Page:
FIA 'marginalized' - Todt
(GMM -- Oct.27) Only Ferrari did not try to 'marginalize' Formula One's governing FIA, an irate team principal Jean Todt claimed.

The Frenchman said all nine pitlane rivals' 'Cost saving initiative', signed in the absence of the world champion marque in Sao Paulo, was not 'fair and sensible.

''The role of the FIA must be re-established,'' he told Italian newspaper La Gazzetta dello Sport.

Prior to the grand prix in Brazil, the FIA revealed a radical blueprint for 2005 and beyond. It included new aerodynamic, tire and engine regulations.

Todt said the year-ending F1 event at Interlagos first saw the FIA 'legislating, (then) be marginalized.

He commented: ''I'm surprised.''

Ferrari's principal reckoned that the teams' proposal - to install Friday as a four-hour 'test' day - would have seen F1 cars 'saving their engines' in official Saturday practice.








GPWC 'bluffing' - F1 player
(GMM -- Oct.27) A group of carmakers are 'bluffing' when they say they'll leave Formula One to race in a rival world championship in 2008, according to Ron Walker.

Walker is chairman of the Australian Grand Prix corporation, and a member of the F1 Commission.

He vowed he would 'never' negotiate with the breakaway 'GPWC', even though it has commissioned a leading sport management company to organize the new structure.

''We have a long-term contract with Mr. (Bernie) Ecclestone,'' Walker told Australian news agencies on Wednesday, ''which runs until 2010 with another five year option. I (also) doubt that (GPWC) will get a license from the FIA to run their sport.'

Walker maintains a stance that the carmakers' threat to leave F1 is little more than an exercise in 'leverage' to get more revenue out of F1's 73-year-old supremo.

''This is probably (just) a game of cards,'' he speculated.







GPWC to host Brit GP - report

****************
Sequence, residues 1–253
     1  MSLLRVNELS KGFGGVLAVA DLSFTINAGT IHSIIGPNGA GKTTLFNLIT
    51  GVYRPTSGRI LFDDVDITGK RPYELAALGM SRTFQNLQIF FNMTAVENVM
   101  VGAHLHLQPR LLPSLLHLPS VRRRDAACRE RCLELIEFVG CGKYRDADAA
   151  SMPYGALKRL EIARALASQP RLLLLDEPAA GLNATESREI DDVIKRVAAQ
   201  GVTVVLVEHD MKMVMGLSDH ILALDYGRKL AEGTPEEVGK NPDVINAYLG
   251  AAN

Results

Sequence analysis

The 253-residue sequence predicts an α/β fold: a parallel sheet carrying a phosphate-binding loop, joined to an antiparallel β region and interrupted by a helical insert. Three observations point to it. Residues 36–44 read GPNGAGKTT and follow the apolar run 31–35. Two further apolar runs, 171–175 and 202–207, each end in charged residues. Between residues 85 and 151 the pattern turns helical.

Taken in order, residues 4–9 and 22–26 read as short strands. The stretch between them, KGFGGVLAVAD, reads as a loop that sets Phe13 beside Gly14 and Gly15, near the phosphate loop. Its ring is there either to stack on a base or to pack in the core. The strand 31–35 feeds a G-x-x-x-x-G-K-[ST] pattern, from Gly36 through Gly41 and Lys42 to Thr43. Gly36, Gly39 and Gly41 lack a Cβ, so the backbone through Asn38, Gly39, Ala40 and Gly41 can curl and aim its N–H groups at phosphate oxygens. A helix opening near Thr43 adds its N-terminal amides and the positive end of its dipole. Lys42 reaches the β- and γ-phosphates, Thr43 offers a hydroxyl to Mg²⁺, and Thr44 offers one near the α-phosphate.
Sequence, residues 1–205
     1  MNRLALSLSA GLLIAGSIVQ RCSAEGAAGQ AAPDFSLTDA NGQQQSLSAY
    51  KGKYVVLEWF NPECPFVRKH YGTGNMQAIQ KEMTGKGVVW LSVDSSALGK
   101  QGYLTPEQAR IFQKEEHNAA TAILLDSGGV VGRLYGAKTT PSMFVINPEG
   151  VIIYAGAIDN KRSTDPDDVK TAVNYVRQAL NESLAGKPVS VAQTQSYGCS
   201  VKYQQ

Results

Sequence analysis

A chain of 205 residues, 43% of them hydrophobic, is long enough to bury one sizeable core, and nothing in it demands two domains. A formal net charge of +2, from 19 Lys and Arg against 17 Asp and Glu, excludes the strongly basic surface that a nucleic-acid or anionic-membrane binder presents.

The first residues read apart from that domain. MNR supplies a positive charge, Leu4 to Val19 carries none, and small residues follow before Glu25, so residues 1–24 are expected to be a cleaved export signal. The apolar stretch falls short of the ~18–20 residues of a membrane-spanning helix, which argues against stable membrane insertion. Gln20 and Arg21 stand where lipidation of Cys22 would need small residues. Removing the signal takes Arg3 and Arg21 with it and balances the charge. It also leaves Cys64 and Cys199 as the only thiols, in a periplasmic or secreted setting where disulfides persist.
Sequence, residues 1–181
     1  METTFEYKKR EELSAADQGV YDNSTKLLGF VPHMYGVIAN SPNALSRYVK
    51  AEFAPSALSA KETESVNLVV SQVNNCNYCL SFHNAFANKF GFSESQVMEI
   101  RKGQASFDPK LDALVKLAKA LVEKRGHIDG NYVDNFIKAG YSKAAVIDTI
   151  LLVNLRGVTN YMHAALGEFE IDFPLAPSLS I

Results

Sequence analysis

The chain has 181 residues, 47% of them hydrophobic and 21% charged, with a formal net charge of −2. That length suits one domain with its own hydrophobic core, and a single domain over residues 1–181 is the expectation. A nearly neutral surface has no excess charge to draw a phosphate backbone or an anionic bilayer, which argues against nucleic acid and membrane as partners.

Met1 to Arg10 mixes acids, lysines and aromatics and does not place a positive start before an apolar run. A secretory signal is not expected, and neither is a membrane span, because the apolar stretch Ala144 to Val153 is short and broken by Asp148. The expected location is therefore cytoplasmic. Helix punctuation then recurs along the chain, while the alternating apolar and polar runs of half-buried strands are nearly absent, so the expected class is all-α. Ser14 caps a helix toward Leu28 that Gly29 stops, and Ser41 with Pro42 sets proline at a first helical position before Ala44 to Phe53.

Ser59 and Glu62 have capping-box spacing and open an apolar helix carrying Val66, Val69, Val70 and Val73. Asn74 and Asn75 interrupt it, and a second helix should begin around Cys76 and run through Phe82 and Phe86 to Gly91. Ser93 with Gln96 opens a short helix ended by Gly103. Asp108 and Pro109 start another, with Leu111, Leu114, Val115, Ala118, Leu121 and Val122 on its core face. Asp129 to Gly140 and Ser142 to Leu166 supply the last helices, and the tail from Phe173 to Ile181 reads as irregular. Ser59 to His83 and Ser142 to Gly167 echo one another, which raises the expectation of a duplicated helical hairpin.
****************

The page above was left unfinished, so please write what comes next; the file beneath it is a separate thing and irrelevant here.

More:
(GMM -- Oct.27) Historic British grand prix venue Silverstone is a 'prime target' of the threatened rival world championship GPWC, according to a report.

UK's 'The Times' newspaper said the old War airfield, potentially a victim of F1 supremo Bernie Ecclestone's axe, could be a centerpiece of the rogue carmakers' F1-alternative in 2008.

George Taylor, a Dutchman, is charged with the task of finding circuits and teams for the 'GPWC'. Hockenheim, Imola and Dubai are also earmarked as potential race venues, according to sources.

''Since it became clear we could not negotiate with Mr. (Bernie) Ecclestone,'' said a GPWC spokesman, ''we have been very busy putting things in place so that we will be in a position to run our own (championship).''








Thanks, wind tunnel - Sauber
(GMM -- Oct.27) A new wind tunnel can be thanked for the impressive thrashing of giant carmakers Ford and Toyota in 2004, Peter Sauber said on Tuesday.

''No doubt,'' the Swiss principal and owner commented, ''(it was) the most important factor.''

Sauber, an independent - non-manufacturer - Formula One privateer, launched the multi million dollar aerodynamic research facility in March.

He said: ''I'm already looking forward to the new car, which will be the first Sauber to be developed completely in the new wind tunnel.''








Renault's 'bad' year
(GMM -- Oct.27) Renault is 'disappointed' to have lost second spot, behind world champion marque Ferrari, to BAR in the constructors' world championship.

But a frustrated Pat Symonds responded to a perception that the French-owned team, which is based at Enstone (England), has not had a good latter 2004 season.

''Well, of course we have,'' said Renault's executive director of engineering.

Renault won a grand prix, and - in terms of the constructors' chase of a year ago - significantly closed the gap to Ferrari.

Symonds said: ''One of the things I like about Renault is we don't try to hide our feelings from the press -- but it hasn't been an unsuccessful year. I'm always going to be disappointed until I have won the world championship again.''